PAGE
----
Excellent blogposts can be found listed and summarised along with some detailed background on Holford Watch here (also an excellent site for debunking media nutritionist Patrick Holford, as the name suggests). I encourage you to read up on this.

Homeopathic feebleness

Homeopathy is one of those therapies which rightly attracts ridicule from those who research what it actually involves. This is not the post to examine why, I just want to mock a pathetic attempts by a homeopath to bolster their position.
One of the arguments which some homeopaths advance to 'support' their cause is that some famous people use homeopathy. Quite a few famous people are also clearly idiots, so why this line of argument should be treated as persuasive is beyond me. However the argument quite often fails to even get off the ground to start with. Here is a blog post by Sue Young, Homeopath.
Sue Young is one of the homeopaths who likes to try to claim the support of famous people for homeopathy. She's an ally of Dana Ullman in this. This particular post is particularly weak, she points out that P. G. Wodehouse wrote a short story called 'Homeopathic Treatment'. She doesn't appear to have read the story however, which is unfortunate for her post, in which this is the only evidence of any kind she offers to support her seeming conviction that he was a fan of homeopathy.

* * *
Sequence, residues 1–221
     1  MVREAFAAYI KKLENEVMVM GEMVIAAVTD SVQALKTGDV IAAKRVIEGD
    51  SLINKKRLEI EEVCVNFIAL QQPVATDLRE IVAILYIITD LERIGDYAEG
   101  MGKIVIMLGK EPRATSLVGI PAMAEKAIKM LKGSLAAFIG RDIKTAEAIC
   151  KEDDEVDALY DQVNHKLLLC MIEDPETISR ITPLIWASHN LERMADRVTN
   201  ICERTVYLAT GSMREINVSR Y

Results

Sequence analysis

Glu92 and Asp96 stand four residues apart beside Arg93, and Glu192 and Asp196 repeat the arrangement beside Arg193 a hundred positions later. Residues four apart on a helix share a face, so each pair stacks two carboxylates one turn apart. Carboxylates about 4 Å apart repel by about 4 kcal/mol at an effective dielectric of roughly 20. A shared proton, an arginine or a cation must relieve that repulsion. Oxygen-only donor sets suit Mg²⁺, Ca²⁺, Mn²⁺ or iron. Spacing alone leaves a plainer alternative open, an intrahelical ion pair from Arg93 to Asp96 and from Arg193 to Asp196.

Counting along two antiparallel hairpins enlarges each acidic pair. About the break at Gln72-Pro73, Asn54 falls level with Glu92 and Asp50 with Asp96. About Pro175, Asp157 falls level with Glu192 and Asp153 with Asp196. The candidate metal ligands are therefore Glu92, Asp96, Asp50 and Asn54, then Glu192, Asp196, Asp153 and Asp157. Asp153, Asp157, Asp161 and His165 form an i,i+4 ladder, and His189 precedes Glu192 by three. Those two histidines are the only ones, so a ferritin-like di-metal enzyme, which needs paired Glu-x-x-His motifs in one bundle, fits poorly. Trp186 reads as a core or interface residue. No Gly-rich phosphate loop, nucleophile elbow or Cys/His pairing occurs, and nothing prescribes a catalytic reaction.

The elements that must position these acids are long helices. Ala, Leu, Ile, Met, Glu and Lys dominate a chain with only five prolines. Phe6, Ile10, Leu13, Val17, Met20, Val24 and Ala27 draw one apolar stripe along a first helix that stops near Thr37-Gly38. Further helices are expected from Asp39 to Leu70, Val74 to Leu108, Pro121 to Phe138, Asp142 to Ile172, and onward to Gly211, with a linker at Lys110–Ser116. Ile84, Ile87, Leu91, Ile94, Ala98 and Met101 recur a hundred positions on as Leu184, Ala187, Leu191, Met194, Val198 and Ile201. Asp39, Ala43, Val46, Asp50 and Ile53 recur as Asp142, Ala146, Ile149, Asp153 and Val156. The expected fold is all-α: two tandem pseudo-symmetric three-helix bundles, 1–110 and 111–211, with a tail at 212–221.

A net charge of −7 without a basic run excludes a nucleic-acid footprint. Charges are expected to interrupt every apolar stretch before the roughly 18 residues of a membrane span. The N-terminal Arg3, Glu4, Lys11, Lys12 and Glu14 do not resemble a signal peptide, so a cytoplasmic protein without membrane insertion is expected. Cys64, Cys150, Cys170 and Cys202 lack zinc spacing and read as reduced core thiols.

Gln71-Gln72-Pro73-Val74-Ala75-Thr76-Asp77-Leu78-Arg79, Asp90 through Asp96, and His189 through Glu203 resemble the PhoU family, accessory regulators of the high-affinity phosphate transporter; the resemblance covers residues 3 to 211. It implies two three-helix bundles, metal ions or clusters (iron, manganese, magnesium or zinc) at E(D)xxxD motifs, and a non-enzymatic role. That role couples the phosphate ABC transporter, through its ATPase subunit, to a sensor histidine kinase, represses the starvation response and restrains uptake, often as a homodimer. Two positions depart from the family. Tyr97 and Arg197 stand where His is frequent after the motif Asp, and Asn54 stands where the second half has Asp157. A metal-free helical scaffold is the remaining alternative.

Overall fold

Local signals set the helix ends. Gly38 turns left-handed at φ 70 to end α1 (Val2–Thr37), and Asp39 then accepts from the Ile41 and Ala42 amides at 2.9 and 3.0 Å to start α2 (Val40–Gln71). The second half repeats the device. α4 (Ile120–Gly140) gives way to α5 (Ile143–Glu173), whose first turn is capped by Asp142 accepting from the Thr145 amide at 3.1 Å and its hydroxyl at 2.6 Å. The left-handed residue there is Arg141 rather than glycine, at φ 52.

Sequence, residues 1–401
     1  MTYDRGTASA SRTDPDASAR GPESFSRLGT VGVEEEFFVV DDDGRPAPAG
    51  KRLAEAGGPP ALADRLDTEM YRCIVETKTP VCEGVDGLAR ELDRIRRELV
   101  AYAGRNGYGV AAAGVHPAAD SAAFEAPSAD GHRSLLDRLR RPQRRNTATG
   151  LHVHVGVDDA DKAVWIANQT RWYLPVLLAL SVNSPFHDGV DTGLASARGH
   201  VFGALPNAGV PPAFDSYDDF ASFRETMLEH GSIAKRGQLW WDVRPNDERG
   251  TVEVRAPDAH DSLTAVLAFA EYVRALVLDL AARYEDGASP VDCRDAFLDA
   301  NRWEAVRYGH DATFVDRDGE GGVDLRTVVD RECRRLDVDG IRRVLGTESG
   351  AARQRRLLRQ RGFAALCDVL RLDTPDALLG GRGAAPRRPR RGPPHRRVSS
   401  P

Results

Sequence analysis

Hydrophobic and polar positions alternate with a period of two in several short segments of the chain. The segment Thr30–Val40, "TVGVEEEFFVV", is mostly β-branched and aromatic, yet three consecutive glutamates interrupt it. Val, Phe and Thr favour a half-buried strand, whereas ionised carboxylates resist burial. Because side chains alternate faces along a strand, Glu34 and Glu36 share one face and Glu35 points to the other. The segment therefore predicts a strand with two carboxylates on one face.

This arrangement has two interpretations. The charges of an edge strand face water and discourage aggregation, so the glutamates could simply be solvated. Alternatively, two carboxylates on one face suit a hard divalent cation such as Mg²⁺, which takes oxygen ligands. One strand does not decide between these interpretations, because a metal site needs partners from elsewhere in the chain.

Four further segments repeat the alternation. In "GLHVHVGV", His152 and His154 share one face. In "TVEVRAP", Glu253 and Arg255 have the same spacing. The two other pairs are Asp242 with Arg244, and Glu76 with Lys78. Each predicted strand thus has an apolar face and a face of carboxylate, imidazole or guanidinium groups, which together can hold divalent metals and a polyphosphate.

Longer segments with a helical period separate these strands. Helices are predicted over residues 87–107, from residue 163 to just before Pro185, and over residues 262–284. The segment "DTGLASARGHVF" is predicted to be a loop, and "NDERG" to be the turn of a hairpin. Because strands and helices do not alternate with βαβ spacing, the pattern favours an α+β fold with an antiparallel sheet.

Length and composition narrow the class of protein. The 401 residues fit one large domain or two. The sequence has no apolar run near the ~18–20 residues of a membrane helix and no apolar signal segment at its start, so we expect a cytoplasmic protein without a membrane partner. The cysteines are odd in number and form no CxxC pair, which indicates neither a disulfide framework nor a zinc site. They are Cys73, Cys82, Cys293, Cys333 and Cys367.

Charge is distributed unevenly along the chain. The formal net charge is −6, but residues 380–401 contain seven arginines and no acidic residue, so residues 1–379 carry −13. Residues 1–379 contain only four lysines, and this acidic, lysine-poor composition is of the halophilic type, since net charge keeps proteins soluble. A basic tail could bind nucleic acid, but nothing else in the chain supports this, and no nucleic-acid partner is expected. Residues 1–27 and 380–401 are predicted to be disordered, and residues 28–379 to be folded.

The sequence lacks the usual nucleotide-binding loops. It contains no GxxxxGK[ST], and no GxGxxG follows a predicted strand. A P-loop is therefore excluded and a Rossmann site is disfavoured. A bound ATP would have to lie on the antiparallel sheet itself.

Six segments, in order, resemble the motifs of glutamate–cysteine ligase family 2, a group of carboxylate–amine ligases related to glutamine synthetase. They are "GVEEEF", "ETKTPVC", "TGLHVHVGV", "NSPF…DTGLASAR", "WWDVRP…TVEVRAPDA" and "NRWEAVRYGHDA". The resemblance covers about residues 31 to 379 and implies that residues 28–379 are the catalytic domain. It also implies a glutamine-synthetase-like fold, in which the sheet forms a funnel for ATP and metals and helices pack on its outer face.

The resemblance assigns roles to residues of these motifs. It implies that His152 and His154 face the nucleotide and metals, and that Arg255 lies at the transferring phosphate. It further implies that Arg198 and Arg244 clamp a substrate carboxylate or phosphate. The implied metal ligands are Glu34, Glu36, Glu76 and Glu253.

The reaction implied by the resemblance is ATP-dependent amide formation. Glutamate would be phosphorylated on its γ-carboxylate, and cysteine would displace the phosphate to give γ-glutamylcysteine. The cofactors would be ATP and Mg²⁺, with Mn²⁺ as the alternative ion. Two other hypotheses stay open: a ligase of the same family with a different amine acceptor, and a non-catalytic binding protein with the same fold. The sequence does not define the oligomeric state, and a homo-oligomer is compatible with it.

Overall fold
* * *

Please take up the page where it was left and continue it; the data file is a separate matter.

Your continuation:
Here is the story.
As you may notice if you read it, there isn't actually a single mention of homeopathy. It is based on the homeopathic premise that 'like cures like' (just one of the potty ideas behind homeopathy), but otherwise is a fairly simple story about life in a boys boarding school. It's not one of his better stories either.

Sue Young's site is full of spectacularly weak posts like this. I don't think this is a bad thing though, hopefully the more people who go and read her site with their eyes open the more people will start asking themselves if the evidence for homeopathy itself is as weak as the evidence for her blog-posts. I mean, if that's the best she can do...

Edited to add: I should point out here that I commented on her blogpost long before I wrote this. I didn't keep a copy, but my comment was something like: "Have you read the article you refer to by Wodehouse? I can't find it online anywhere, only the title. Given that he was a humourist it might not have been entirely supportive of homeopathy, obviously it might have been but if you can show me the article then we'll know for sure." She deleted my comment and quite obviously didn't do any more research.